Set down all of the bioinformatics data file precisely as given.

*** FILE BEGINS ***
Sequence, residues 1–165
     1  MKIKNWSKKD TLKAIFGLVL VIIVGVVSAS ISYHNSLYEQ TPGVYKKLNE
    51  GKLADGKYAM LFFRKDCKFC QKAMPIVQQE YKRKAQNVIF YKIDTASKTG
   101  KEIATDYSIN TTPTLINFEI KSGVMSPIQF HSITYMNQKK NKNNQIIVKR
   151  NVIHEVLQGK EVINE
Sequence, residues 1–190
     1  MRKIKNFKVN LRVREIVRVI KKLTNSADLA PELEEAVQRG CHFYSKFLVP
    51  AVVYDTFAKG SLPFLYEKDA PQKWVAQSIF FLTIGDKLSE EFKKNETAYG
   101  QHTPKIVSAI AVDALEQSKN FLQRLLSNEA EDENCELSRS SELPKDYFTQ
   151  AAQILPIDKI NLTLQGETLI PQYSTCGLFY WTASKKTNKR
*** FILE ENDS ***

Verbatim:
Sequence, residues 1–165
     1  MKIKNWSKKD TLKAIFGLVL VIIVGVVSAS ISYHNSLYEQ TPGVYKKLNE
    51  GKLADGKYAM LFFRKDCKFC QKAMPIVQQE YKRKAQNVIF YKIDTASKTG
   101  KEIATDYSIN TTPTLINFEI KSGVMSPIQF HSITYMNQKK NKNNQIIVKR
   151  NVIHEVLQGK EVINE
Sequence, residues 1–190
     1  MRKIKNFKVN LRVREIVRVI KKLTNSADLA PELEEAVQRG CHFYSKFLVP
    51  AVVYDTFAKG SLPFLYEKDA PQKWVAQSIF FLTIGDKLSE EFKKNETAYG
   101  QHTPKIVSAI AVDALEQSKN FLQRLLSNEA EDENCELSRS SELPKDYFTQ
   151  AAQILPIDKI NLTLQGETLI PQYSTCGLFY WTASKKTNKR